Background and aim: Patients with chronic liver disease (CLD) are at high risk of infections, including fungal pathogens, which can lead to hepatic encephalopathy (HE) and increased mortality. Our aim is to evaluate the frequency and outcome of fungal urinary tract infections (FUTIs) in hospitalized patients with CLD and HE.
Methods: This was a descriptive case series study using the nonprobability consecutive sampling technique, conducted at the Department of Gastroenterology, Liaquat National Hospital, Karachi, Pakistan. All patients above 18 years of age who were admitted with HE and CLD were enrolled after obtaining informed consent. Baseline laboratory investigation, urine detail report (UDR), and culture were sent on the day of admission. Fluconazole was started if the UDR reported yeast positivity. Data were analyzed using SPSS version 25.
Results: A total of 236 patients were enrolled in this study. Mean age was 53.42 ± 5.567 years, and 95 (40.3%) were male. Urinary symptoms were present in 72 (30.5%) patients. Yeast positivity on UDR was present in 156 (66.1%), and 141 of 156 (90.3%) patients had urine culture positivity for fungal pathogen. A total of 55 patients died-36 (65.5%) in the FUTI group and 19 (34.5%) in the nonfungal UTI (NFUTI) group (P = 0.908). Candida albicans was the most common organism, present in 70 of 141 (49.6%) of patients. Predictors of mortality were renal insufficiency, hyperkalemia, hyponatremia, leukopenia, and advanced cirrhosis.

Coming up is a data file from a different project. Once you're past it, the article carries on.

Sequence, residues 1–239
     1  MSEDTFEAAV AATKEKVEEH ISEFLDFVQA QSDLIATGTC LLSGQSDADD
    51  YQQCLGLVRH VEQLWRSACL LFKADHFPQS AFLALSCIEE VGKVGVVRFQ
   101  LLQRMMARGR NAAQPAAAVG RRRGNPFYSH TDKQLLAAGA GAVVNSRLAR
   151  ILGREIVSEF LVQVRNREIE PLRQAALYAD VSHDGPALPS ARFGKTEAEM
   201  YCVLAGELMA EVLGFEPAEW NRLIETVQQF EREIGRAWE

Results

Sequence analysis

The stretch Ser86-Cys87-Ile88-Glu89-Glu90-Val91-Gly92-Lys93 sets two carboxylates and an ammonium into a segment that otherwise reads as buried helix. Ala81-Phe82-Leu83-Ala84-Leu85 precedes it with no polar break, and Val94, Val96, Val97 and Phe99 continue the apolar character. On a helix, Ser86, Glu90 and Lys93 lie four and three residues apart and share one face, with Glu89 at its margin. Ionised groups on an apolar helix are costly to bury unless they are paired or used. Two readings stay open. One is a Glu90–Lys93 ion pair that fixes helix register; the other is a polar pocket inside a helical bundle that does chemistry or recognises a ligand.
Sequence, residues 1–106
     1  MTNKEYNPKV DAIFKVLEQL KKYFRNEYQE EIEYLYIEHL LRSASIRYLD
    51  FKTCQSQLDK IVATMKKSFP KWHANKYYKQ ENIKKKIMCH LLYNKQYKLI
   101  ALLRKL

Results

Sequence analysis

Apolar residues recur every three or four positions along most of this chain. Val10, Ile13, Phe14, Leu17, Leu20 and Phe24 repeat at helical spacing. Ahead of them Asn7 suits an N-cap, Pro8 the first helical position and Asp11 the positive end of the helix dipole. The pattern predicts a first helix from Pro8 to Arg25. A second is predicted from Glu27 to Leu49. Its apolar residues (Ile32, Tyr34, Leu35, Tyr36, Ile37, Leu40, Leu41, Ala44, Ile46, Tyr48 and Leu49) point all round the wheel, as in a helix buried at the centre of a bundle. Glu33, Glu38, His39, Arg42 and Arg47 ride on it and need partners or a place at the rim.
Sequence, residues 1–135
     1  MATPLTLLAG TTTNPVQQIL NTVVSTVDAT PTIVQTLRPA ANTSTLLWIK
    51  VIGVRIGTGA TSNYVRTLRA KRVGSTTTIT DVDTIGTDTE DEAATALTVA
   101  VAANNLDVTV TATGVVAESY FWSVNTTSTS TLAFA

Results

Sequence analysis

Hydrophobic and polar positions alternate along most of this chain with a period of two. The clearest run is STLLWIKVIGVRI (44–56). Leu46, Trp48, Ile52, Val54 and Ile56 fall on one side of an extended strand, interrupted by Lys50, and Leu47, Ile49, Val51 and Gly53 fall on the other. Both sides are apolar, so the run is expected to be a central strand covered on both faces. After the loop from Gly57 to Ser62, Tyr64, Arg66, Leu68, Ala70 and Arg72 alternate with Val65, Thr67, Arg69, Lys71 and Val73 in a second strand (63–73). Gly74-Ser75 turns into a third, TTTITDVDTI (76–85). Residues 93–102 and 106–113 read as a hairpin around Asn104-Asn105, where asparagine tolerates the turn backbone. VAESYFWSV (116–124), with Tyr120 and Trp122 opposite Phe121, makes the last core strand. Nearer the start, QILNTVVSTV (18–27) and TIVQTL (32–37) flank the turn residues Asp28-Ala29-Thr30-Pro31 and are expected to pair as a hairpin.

Conclusion: FUTI in CLD patients with HE is common in hospitalized patients even without symptoms, and a high index of suspicion is required. Candida albicans was the most common organism. Prompt recognition and treatment can improve overall outcome.
Keywords: Candida; chronic liver disease; fluconazole; fungal urinary tract infections; hepatic encephalopathy.
© 2020 The Authors. JGH Open: An open access journal of gastroenterology and hepatology published by Journal of Gastroenterology and Hepatology Foundation and John Wiley & Sons Australia, Ltd.